Her footfalls fell silent as she stopped in front of the row of graves, smoothing her hands over her stomach. The fabric of the traditional Mirialan mourning garb clung to her like a sickly spiderweb as the green clouds crackled with heavy lightning overhead. The carefully dug pits stretched to either side of her for eternity, disappearing over the horizon before their numbers ceased. Maybe they never did.
She stepped forward and looked down into the graves nearest her. The faces of those she loved, those she cared for, those that meant something in her everyday existence stared up at her as if caught in dreams. They lay silent and still, eyes never opening again. Slowly, her head turned, taking their faces in one last time. Jerax. Dhen. Brookes. Jerhal. Jai’enko.
The lightning finally split the sky, sending a sheet of rain onto her head. Slowly, slowly, the graves began to fill; tiny streams running down creases in cloth and streaking still cheeks like tears from the very heavens above. The thunder crashed, sending her jumping in fright as the old fear of storms crept back around the corners of her consciousness. She turned to Jai’enko as she did so often when she was young.
His grave was full. His body was gone. All that was left was darkness.
Vyen’a jerked awake with a start, heart caught tight in her throat. She blinked up at the familiar ceiling of her ship, softly lit by the ambient light system she’d had installed, before reaching to the hand of the man beside her. Even sound asleep, Jerax’s fingers squeezed back reassuringly.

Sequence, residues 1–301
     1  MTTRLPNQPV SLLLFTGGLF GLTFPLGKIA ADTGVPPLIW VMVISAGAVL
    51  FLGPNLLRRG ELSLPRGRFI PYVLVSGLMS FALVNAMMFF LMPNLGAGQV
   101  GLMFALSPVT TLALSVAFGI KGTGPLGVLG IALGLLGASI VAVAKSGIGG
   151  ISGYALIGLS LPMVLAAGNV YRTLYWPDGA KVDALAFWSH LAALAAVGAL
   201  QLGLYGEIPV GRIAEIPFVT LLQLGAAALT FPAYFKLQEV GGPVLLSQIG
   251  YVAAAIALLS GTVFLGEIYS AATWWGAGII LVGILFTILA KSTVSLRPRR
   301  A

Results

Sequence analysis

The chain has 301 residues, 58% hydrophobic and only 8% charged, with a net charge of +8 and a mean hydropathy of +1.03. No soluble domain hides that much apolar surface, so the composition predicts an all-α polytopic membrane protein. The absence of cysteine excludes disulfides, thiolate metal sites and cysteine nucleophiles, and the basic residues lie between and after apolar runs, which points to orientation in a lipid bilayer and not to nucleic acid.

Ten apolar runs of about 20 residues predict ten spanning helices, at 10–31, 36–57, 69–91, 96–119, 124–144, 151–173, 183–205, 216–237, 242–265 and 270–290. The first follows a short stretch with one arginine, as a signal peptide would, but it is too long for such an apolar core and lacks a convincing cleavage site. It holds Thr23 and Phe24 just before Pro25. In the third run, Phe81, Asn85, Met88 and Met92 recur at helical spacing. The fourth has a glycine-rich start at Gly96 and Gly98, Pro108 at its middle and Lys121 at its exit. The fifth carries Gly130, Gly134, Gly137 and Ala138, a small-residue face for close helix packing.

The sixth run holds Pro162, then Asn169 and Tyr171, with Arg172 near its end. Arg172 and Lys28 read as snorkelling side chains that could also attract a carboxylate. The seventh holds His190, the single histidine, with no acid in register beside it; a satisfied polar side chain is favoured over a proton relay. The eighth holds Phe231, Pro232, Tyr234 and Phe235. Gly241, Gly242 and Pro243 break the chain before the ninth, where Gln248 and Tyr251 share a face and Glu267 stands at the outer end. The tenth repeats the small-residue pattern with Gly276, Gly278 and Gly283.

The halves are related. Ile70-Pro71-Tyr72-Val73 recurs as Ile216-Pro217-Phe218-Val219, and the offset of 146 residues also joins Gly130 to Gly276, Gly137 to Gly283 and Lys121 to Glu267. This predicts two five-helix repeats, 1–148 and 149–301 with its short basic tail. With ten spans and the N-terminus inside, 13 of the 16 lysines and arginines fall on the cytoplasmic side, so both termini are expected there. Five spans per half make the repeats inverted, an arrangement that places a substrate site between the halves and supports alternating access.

It was just a dream. Only a dream. She replayed the details quickly, frowning.
The last grave gave her pause. She’d not seen her brother in almost six months, since their chance encounter on Carrick station. Though they’d talked every week since, sometimes twice, her work with the Seventh and his training and preparation with CorSec kept them out of each other’s respective circles. Even when she and Jerax had gone to Corellia, they missed each other; he was off-planet on a training exercise.
She slipped quietly from the bed, wrapping a soft robe around her naked body, and picked up her comm. Her bare feet padded down the durasteel hall of her ship until she settled on the floor next to her bar. Quickly, her fingers punched in the long-memorized comm number.
Once again, there was no answer. She took a deep breath as she waited to leave the message. This wasn’t right.
“Jai, luv, it’s Anaria. Are you okay? I’m worried, hon. I know you’re probably under heavy fire. Try to get a message out with a smuggler. We’re comin’ to Corellia. The Sith ain’ takin’ that planet too.
Jus’… get a message to your little bird. I love you, brother.”
A flick of her wrist shut the comm off.
Nothing was right. But it was only a dream. She shook her head, trying to clear her thoughts, and jumped in fright.
Even docked here on Carrick, she could have sworn she heard thunder.